Watch the number of documents in your buckets (source, metadata, and destination) and in particular pay close attention to the change in the resident ratio. Typically, this could be due to growth in your overall data set.

    For example, a high velocity Eventing function that is processing in excess of 12K mutations/sec with a source or destination bucket residency ratio of 100% can easily start to experience issues if the residency ratio drops below 18% (this percentage isn’t hard and fast and may vary based on a variety of factors such as the number of mutations acted on, the storage type, and so on).

    2020-03-13T11:46:32.383-07:00 [INFO] "Exception: " {"message":{"code":392,"desc": \
    "Temporary failure received from server. Try again later","name":"LCB_ETMPFAIL"}, \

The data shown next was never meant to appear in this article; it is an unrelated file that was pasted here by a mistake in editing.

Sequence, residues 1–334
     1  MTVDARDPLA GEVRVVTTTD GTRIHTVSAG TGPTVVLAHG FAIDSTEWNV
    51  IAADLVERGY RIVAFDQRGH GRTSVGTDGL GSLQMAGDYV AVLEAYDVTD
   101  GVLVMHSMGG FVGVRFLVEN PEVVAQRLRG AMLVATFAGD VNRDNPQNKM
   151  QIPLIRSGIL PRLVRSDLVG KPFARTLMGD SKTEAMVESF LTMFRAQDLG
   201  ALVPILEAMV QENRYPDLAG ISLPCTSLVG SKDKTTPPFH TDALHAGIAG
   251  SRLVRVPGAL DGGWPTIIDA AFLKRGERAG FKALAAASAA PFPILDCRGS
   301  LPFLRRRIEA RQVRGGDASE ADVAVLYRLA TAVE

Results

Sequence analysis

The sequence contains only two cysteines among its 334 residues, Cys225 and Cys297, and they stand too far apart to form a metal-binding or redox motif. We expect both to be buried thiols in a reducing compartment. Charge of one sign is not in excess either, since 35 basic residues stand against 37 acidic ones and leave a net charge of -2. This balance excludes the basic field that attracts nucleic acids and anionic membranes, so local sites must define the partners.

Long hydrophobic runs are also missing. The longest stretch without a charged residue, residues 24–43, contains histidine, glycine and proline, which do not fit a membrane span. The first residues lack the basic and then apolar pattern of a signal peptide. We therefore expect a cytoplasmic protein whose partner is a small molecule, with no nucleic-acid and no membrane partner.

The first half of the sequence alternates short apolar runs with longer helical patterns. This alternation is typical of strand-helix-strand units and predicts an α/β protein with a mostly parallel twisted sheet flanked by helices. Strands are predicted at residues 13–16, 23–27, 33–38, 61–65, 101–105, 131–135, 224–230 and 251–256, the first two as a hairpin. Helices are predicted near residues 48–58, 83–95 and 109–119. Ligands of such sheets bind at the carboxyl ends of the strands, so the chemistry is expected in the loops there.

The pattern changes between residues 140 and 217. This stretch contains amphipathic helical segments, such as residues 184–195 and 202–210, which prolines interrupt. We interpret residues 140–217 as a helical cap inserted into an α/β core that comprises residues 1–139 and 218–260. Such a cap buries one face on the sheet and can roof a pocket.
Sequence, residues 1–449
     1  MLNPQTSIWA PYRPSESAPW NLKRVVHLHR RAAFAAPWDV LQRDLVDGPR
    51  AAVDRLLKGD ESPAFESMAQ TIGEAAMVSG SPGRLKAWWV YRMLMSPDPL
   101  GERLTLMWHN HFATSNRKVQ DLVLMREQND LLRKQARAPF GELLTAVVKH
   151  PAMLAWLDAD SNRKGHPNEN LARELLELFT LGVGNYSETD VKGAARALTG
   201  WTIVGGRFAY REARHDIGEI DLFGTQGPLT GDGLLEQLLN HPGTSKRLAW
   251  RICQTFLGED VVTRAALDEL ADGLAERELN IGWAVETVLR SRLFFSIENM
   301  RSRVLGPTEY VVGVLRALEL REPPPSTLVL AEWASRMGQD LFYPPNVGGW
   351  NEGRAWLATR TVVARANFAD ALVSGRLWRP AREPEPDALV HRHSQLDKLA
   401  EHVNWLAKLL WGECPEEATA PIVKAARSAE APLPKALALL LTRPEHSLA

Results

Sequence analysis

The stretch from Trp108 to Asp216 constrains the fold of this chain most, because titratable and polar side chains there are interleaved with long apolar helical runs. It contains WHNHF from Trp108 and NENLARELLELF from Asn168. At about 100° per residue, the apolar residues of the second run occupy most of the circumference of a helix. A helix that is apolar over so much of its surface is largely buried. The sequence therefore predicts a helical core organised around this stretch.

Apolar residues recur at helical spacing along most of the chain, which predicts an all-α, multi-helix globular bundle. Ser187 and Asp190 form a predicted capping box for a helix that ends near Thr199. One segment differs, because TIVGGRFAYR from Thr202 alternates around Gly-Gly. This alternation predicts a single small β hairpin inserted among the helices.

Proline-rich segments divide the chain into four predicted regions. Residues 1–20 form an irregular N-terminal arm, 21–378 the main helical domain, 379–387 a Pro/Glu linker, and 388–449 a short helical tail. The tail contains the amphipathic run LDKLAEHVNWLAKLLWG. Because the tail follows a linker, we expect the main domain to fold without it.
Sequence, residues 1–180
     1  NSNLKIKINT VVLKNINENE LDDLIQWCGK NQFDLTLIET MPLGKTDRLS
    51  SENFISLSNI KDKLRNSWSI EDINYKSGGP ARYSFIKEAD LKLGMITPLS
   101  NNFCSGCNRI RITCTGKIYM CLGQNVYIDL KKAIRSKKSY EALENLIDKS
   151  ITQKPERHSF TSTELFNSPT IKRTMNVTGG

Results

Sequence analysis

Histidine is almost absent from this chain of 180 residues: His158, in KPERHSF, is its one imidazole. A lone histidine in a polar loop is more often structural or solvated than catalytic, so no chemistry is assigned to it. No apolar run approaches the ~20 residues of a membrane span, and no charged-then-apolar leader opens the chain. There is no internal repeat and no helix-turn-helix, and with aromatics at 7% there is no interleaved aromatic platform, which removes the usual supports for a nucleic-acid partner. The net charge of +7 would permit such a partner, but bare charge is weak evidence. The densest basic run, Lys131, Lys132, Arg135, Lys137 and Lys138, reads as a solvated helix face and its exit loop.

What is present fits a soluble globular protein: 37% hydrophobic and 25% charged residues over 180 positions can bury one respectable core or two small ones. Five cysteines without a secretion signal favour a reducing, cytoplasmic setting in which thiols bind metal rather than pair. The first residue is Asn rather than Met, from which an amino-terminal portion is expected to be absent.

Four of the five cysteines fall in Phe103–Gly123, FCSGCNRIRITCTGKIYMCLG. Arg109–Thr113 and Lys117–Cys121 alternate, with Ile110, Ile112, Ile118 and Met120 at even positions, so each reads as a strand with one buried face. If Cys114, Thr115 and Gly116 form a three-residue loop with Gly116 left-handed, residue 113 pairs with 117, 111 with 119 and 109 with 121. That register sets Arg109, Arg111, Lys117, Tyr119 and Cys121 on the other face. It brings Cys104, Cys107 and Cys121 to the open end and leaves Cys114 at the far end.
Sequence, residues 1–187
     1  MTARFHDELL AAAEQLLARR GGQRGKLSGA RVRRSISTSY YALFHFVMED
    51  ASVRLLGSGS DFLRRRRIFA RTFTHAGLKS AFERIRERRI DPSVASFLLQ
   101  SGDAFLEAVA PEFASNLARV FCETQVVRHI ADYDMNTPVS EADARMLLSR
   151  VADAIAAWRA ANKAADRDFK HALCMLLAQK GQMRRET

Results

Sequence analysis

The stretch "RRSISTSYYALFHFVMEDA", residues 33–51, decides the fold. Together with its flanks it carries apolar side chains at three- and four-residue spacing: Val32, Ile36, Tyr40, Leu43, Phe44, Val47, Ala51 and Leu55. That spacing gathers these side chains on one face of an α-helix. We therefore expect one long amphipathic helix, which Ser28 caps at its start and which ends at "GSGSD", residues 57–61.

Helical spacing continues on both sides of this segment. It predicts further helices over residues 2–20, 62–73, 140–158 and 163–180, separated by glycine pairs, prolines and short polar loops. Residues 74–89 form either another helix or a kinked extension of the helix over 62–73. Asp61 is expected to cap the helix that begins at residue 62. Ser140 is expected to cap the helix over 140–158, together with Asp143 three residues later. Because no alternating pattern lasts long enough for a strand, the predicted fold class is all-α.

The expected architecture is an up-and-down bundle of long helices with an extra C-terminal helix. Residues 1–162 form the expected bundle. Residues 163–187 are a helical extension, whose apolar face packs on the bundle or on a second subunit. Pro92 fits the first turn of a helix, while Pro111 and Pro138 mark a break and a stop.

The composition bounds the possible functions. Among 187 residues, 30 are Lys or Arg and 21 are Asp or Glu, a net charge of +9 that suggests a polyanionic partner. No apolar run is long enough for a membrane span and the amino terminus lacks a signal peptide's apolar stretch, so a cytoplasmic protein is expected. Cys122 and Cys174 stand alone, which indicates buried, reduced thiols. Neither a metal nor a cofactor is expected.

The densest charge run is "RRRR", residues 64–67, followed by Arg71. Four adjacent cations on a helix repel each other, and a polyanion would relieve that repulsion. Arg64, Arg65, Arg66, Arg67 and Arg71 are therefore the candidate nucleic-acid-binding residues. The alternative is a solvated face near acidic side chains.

"stack":"Error\n    at OnUpdate (MyEventingFunction.js:177:25)"}

    The above error indicates that the system is under provisioned for the load. Under the hood, Eventing will try to access to the data store five (5) times with a 200ms pause between attempts. If all of the attempts fail, the handler, in this case MyEventingFunction, throws an LCB_ETMPFAIL message from libcouchbase. This is important to understand as trapping the above exception and retrying the same operation inside your handler will only exacerbate the issue and make things worse. Of course your handler can take other actions such as creating a notification.

    There are two solutions:

    1. The first solution is to increase the memory quota of the bucket in question (thus increasing the resident ration).

    2. The second solution is to add more Data nodes, faster disk IO, and more memory to eliminate the resource bottleneck.